DAPL Guards Who Attacked Natives with Dogs Were Not Licensed to Work Security

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DAPL Guards

 

An investigation conducted by the Morton County Sheriff’s Department has concluded that the Frost Kennel dog-handlers hired by the DAPL, were not properly licensed to handle security in the State of North Dakota, nor are they a registered security company in the State of Ohio. On Sept. 3, Democracy Now journalist, Amy Goodman, and film crew captured Frost Kennel workers attacking land protectors with guard dogs, sparking a national outcry.

Dakota Access Pipeline Company Attacks Native American Protesters with Dogs & Pepper Spray:

 

According to North Dakota’s Grand Forks Herald, Frost Kennels, who was working under a private security company called Silverton, refused to cooperate with investigators, and as a result, they were supposedly only able to identify the Frost Kennel workers exposed in social media. This includes Ashley Nicole Welch, who was the main aggressor.

 

DAPL Guards
Ashley Nicole Welch. Source: Facebook

 

Part of the reason some of the individuals can’t be identified, according to Capt. Jay Gruebele of the Morton County Sheriff’s Department, is that many of them have “come and gone,” and with Frost Kennel’s lack of cooperation (which you’d think would be a crime in itself), there’s no way to prove who was doing security work. It is ironic that with the technology that law enforcement has access to these days – such as the facial recognition technology they’ve been using to misidentify Native land protectors, or the database that includes 117 million American drivers’ license photos – they just can’t seem to identify the individuals whose faces are plastered all over Democracy Now’s reports, and the Internet. Of course, it’s too late for those who were identified by the online community.

Those with Grand Forks Herald say that fortunately, Forum News Service did identify an additional three individuals who were present on Sept. 3, and that they did not have proper licensing to work security in North Dakota. All individuals who have been identified may face fines and jail time.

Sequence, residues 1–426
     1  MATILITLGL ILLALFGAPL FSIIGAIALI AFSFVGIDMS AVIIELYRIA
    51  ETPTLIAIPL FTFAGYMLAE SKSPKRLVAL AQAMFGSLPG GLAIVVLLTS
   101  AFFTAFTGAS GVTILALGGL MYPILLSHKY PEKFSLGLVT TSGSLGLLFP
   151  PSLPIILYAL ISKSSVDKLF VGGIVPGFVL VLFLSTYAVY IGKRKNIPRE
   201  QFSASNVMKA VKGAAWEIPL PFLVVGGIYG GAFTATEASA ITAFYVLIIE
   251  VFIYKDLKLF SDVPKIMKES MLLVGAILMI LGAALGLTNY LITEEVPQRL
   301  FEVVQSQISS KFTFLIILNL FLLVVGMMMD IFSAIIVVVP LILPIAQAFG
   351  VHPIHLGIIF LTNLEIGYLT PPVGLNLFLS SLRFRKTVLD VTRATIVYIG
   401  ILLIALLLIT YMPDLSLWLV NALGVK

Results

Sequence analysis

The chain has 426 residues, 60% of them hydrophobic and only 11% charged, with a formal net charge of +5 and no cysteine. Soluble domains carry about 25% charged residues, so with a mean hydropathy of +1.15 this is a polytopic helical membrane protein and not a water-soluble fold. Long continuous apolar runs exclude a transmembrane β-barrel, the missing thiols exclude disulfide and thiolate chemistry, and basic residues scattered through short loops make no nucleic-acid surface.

As a relevant side-note: the charges that were brought against Democracy Now’s Amy Goodman, were apparently based on a statement made by Ashley Nichole Welch  in an affidavit that claimed Goodman was actively protesting, and “trying to get the protesters riled.” As reported last week, the charges against Goodman were dropped.

Investigators claim that as of now, there are no “victims” from the September attacks, since none of those who were attacked have yet to come forward; but with the lack of trust land protectors have for law officials due to being attacked and wrongly arrested, it’s no wonder individuals have not stepped forward.

The Bureau of Criminal Investigation is doing their own probe into the incident, which includes looking into the claims that the Frost Kennel workers were the ones who were assaulted. In addition, the Private Investigation and Security Board is conducting an investigation as well, with a focus on the use of guard dogs.

A spokesperson for Dakota Access said their security is all properly licensed now. As of Oct. 18, they’ve added several more security companies to their payroll. Included among the new security companies are TigerSwan Security, who is in charge of intelligence, and supervises overall security; Leighton Security (original website is no longer active) and HE Security, who is in charge of securing equipment. The firms, 10-Code and Russie Group, are in charge of securing drilling operations, and SRG Security is in charge of filming operations.

Policy director of the American Civil Liberties Union of North Dakota, Jennifer Cook, hopes to see the current investigations come to a fair resolution. She summed the situation up well in her statement:

It seems as though the process for charging journalists and protesters with criminal charges has been relatively speedy and timely, whereas you have actual video footage of private individuals using force against other private individuals and yet we haven’t seen any type of resolution to that yet.”


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